What is a preliminary agreement?

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What kind of service is provided in a preliminary agreement?

 

A preliminary agreement is a pre-construction agreement between the client & the Builder. The agreement allows the builder to further investigate the project & obtain enough information & documentation to define the works required & create a scope of works to provide a cost analysis. The agreement will usually list the items required & the Builders fee to cover his time & costs. Depending on what stage the client is at, some of the preliminary work that can be undertaken by Managed Build includes

  • Feasibility study
  • Identification Survey
  • Detailed and Contour survey
  • Soil or geotechnical report
  • Engaging of designer/architect to draw up a concept and subsequently detailed design
  • Engineering design
  • Town planning advice
  • Other specialist consultant reports
  • Locating existing infrastructure within the site
  • Cost analysis/ Detailed Quoting

A client in the early stages of their building journey may require us to engage an Architect or Designer or may require us to perform all tasks in the list. If the client has already got these documents in order, Managed Build may only be required to review the documents and produce a cost analysis or detailed quotation.

Can we provide a square meterage rate?

 

We get asked that a lot. How much a square meter? The reality is, for a custom-built project, there is no set rate. Each project has its own unique specific requirements & challenges. In short, no two projects are ever the same, no site conditions are the same, and no two clients are the same A square meterage rate can be useful in the early planning stages to work out roughly what the project would cost. For example, if your block size was 500 square metres & your zoning allowed for a floor space ratio of 0.5:1 you could allow 250 square metres X (sqm rate) to obtain a rough idea on what the building itself would cost to build. Again, this rate should be adjusted to allow for level of finish, level of difficulty & inclusions etc. This rate needs to be verified by the builder by doing a proper quote. In most cases the rate applied at the beginning of the design process is different to the ultimate cost.A proper cost analysis or quote requires the builder to fully understand the plan, scope of work, site conditions, and time constraint.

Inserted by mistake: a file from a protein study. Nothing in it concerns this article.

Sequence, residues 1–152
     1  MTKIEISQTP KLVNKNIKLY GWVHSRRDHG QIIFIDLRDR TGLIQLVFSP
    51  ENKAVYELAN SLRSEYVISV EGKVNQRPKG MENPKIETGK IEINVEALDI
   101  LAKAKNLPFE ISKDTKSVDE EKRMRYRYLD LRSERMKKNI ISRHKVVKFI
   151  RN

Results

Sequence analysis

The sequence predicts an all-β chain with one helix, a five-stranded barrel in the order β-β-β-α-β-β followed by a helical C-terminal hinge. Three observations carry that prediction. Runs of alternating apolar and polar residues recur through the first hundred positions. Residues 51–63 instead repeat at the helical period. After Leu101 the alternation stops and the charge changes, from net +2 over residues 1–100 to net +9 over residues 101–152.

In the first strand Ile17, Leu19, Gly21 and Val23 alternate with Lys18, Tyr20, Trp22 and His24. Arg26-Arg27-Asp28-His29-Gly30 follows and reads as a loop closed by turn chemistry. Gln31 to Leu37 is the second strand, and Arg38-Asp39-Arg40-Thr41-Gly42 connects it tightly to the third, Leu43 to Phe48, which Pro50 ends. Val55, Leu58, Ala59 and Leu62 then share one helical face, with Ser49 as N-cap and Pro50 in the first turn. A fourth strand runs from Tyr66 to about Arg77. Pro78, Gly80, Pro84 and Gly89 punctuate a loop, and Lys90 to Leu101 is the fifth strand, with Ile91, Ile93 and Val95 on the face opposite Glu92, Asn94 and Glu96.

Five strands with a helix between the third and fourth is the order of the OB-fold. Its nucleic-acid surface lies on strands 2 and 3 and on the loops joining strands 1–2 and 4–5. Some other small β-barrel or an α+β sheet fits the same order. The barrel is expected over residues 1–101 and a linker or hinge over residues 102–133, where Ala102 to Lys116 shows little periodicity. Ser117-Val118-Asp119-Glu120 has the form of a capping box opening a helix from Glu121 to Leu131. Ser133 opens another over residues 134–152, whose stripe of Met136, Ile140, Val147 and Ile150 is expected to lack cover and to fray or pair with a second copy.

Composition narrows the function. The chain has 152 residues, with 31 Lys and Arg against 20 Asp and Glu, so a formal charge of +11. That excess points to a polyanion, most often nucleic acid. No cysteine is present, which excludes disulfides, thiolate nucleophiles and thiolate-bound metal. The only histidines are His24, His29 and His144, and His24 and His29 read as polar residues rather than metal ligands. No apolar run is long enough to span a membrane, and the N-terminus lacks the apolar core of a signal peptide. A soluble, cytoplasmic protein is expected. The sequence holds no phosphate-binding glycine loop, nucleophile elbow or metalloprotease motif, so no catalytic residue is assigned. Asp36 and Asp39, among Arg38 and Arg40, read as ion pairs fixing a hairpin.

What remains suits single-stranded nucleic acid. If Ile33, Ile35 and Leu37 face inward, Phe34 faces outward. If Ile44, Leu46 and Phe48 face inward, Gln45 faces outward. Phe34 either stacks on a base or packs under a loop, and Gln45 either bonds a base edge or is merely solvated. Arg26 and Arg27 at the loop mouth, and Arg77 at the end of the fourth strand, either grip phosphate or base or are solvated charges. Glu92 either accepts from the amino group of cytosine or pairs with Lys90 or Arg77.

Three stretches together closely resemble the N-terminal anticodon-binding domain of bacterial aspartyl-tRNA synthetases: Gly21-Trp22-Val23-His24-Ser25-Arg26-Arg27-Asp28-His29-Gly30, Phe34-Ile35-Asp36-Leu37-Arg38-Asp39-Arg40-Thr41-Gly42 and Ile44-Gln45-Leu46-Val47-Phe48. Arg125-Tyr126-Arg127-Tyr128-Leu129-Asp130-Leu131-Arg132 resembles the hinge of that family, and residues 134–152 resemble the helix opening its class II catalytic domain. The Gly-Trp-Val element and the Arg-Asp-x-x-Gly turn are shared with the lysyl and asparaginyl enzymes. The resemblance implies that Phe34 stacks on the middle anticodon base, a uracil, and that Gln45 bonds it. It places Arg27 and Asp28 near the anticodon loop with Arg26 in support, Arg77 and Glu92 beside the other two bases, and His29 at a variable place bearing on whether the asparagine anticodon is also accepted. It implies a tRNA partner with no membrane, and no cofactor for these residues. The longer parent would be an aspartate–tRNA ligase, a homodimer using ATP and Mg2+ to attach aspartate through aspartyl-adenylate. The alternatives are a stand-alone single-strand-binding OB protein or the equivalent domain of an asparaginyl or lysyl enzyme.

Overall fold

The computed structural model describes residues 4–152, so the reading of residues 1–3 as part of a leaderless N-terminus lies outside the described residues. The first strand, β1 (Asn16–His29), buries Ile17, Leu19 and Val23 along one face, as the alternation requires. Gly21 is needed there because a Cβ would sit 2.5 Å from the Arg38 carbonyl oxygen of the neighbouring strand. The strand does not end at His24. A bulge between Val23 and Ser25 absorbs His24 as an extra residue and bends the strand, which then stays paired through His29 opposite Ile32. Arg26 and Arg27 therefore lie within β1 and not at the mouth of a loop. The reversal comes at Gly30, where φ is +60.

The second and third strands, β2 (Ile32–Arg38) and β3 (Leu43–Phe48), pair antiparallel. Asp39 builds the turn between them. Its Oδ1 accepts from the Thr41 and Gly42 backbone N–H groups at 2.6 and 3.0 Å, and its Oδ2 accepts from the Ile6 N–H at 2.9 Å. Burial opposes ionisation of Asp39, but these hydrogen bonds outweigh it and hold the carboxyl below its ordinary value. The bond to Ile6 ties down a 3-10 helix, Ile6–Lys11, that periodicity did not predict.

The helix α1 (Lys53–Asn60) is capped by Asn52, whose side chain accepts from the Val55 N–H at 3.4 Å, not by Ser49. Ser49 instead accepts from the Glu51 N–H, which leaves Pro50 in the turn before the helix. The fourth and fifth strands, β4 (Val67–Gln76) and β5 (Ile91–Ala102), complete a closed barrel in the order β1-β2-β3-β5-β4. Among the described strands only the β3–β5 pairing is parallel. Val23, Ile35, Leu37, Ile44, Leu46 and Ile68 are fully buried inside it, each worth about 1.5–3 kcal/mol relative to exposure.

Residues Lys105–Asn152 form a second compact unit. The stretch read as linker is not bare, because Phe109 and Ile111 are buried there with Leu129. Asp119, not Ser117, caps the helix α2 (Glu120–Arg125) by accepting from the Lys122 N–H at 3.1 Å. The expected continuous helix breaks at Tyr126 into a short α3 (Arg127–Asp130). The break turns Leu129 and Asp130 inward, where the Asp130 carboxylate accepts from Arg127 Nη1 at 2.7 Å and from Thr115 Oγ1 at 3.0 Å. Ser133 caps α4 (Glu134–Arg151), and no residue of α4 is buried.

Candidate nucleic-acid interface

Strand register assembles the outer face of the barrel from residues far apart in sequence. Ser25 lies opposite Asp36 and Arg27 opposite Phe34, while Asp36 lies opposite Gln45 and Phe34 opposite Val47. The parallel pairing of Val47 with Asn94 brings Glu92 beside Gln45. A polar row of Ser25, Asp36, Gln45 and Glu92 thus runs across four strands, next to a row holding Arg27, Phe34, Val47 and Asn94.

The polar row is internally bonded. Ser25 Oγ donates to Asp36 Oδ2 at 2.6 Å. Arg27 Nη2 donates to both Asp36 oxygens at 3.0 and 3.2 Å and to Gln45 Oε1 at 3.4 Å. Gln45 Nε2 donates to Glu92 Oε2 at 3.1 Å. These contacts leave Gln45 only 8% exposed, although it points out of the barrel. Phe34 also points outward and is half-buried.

Like assembling a jigsaw puzzle, each piece needs to be identified & priced accordingly, then assembled to provide the final figure.

Some builders provide a free quote, why do you charge a fee?

 

In order for a quote to of any real value, it has to be accurate & contain clear and detailed information for both parties. An accurate quote takes a significant amount of time and money to prepare as each project is different in scope and site conditions involving many separate trades & calculations to arrive at a figure. It is easy to get a free quote, but those builders will not want to spend the time or effort. They can apply a square meterage rate or low ball the quote and make up their margin by lowering quality or adding extras during the build. Too often the owner engages the lowest cost builder because they don’t understand the quote. What sounds like a good deal in the beginning can end up more costly or the project fails to achieve the desired result. A paid service allows us to spend more time to investigate in depth. In particular for renovation work, multiple site visits and confirmation may be required. If we are willing to enter into an agreement with you, we are committed to producing a quality quote with the whole scope assessed & unforeseeable items allowed for.

We also acknowledge that if we do not win the job, our expenses will NOT be recouped from the fee we charge. During our initial consultation, we will estimate if the owner’s budget is workable. If we believe there is a mismatch, we will not offer this service.

What documents are required for a quote?

 

If we are provided with accurate and detailed documentation, the quote produced will be precise. For a typical project, 1-4 week turn around can be expected. On the other hand, if the document is lacking, the quoting process can be done in a couple of days. This is often the case if the client is seeking an estimate during the design process. A basic concept drawing can be used provided that the client understands accuracy may be poor. Ideally, a detailed set of architectural drawings, engineering design, soil test report, schedule of finishes, and fitting will be a basic minimum requirement.

How much do you charge for a quote?

 

The fee ranges between $275 for an estimate to $3,300 depending on the complexity and size of the job.

What is the difference between a Bill of quantity (BQ) provided by a Quantity Surveyor (QS) and a builder’s quote?